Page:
That doesn't mean you won't like one - or will. Those predictions are just false for anyone to claim. But it should tell you that those mouthpieces are not infallible. Of course, nothing saxophone IS infallible. DAVE
 

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No, I didn't, although to be honest, I don't recall which configurations I tested, then bought.

I've never been impressed with chamber sizes - I play mainly soprano but alto was a secondary saxophone on the gigs I had for years.

On soprano, I never separated out which chambers did what to my sound because there were so many factors at work in one piece that I could not isolate the chamber-size in making any assessments.

I know a lot of players want to THINK that each factor means something (and maybe they do), but to really reach any conclusion requires hours and hours of testing MANY mouthpieces, noting differences, and developing a matrix of variations before one can really conclude that chamber-size matters.

It just doesn't tell us anything for someone to say "I play a large-chamber" and that means it sounds a certain way. The reason it sounds "that way" could be because of many factors, including the quality of the chosen reed that day. Beware of generalizations. DAVE
 

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I can say with confidence that the tuning tendacies between the small and medium chamber V16s are different. I have found this through playing many of these mouthpieces while helping my students to select an alto mouthpiece that works for them. I also notice slightly more higher partials in the sound when I play the small chamber. Will a listener pick up the subtle difference? I don't know, but I do know that my advanced middle and high school students handle medium chamber pieces better than small chamber as it relates to intonation.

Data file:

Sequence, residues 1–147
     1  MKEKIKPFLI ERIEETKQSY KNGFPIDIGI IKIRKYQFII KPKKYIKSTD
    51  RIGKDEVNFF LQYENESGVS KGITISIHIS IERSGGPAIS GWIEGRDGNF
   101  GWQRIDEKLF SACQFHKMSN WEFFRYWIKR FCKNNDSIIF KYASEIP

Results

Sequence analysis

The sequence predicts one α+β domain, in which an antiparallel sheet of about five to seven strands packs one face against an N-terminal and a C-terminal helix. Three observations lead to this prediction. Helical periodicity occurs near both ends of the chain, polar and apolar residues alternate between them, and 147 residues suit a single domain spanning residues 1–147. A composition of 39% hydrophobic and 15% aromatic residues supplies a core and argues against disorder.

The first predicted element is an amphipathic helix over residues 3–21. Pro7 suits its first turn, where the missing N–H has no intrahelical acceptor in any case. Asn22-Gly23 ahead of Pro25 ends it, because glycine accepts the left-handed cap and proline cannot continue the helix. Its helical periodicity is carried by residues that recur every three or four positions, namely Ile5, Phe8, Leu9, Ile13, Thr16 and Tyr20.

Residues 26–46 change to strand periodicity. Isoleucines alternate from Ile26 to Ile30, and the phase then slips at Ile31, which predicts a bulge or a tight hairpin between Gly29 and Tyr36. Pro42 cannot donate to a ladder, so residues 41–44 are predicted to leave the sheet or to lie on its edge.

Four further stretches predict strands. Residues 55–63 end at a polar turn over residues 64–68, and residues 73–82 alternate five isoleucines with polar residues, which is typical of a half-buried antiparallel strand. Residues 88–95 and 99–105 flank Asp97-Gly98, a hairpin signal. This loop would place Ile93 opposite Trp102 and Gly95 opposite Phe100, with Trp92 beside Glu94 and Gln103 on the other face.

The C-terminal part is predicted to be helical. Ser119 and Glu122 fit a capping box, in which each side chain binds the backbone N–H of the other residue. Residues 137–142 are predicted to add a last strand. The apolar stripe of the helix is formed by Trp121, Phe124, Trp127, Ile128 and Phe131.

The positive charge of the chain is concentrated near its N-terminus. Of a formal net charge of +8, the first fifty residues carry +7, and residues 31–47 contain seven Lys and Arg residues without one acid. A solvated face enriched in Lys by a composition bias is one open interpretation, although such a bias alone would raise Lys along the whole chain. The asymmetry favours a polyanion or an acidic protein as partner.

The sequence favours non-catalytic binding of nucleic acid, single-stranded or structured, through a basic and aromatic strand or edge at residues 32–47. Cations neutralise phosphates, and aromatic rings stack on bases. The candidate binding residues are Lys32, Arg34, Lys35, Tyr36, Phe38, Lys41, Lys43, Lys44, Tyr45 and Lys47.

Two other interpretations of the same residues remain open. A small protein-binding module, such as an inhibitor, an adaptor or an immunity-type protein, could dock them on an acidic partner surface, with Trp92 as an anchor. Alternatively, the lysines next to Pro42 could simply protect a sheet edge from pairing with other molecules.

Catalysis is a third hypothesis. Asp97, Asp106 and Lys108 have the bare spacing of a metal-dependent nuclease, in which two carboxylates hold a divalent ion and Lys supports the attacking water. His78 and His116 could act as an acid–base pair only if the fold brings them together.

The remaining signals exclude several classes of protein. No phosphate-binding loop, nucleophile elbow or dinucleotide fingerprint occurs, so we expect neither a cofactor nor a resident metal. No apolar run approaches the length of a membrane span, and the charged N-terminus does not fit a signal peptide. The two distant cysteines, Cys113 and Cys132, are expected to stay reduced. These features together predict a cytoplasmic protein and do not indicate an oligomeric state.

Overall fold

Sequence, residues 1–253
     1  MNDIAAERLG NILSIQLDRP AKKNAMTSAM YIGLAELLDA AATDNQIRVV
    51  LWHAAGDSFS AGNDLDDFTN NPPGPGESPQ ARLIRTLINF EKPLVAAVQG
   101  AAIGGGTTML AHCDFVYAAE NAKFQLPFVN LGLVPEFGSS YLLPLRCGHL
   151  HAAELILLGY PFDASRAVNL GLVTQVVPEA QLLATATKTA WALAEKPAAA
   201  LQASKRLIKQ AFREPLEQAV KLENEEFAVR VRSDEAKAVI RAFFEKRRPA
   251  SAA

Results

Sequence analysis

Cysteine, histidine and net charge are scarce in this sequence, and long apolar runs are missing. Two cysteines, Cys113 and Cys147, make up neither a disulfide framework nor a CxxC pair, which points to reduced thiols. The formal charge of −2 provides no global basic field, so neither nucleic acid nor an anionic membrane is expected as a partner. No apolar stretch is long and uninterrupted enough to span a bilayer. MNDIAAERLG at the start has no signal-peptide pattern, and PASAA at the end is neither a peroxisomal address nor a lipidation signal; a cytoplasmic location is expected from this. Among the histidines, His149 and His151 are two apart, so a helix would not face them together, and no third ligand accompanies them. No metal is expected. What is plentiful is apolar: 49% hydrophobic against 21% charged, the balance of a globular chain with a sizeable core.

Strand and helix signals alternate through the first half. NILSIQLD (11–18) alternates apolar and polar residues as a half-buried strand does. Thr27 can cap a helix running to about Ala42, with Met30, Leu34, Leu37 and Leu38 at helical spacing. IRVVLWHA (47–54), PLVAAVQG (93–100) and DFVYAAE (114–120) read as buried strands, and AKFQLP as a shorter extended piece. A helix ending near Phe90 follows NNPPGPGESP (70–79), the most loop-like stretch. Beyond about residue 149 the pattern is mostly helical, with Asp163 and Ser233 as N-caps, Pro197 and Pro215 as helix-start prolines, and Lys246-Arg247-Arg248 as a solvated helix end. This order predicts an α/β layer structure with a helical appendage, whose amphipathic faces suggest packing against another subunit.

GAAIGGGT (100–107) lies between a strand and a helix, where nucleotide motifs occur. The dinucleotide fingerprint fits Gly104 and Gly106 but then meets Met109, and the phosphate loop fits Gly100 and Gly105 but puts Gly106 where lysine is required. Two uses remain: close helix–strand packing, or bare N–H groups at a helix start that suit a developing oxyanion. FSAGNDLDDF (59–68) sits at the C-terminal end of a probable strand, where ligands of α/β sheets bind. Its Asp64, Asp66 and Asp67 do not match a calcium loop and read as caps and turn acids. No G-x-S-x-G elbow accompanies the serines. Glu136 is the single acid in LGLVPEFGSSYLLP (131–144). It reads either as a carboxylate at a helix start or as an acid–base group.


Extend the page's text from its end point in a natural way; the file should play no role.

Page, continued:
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I chose the Jumbo Java A45 by a kind Warren Hill's email and recommendation as my mouthpiece after Berg Larsen changed its design and did not fit my expectations. My old Berg just wore out. But V16 came pretty close. I do not like to keep changing equipment, but if I do, I can clearly see me playing on a V16 A8S without any doubt.
 

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I've played a few of these mouthpieces. Here's my opinion: the difference between the 6 and 7 due to tip opening will be much less than the unit-to-unit variation of these mouthpieces within the same tip opening or, as mentioned above, between the strength of reeds in a box. Not that there's all that much variability, as these are consistent off-the-shelf mouthpieces. But in playing a few samples, I did find one I liked better than others. Also, I like the small chamber more than medium.